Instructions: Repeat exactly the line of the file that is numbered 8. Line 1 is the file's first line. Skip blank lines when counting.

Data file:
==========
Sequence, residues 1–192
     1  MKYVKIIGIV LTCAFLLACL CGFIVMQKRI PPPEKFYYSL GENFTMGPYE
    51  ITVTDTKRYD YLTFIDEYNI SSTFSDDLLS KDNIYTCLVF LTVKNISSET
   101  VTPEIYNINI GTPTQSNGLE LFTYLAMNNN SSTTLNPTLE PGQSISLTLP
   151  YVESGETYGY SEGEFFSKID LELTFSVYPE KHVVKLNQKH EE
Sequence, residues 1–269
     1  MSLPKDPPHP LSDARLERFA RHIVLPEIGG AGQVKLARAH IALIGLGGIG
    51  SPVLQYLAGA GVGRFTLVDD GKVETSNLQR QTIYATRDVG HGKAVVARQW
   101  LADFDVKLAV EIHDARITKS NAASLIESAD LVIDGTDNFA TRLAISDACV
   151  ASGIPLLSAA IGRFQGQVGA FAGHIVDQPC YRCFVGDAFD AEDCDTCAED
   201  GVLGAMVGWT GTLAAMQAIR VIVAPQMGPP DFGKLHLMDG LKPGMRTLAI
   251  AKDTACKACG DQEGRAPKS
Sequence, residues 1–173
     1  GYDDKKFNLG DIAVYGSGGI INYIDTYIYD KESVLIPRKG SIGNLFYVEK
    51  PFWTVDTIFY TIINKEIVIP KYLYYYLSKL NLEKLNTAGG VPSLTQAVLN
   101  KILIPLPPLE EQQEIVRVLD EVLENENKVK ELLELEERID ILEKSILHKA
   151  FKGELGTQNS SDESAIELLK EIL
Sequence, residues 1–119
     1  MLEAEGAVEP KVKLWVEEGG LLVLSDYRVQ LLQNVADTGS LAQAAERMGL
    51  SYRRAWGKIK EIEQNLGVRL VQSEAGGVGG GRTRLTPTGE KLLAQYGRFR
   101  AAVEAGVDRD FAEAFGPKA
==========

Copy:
    51  SPVLQYLAGA GVGRFTLVDD GKVETSNLQR QTIYATRDVG HGKAVVARQW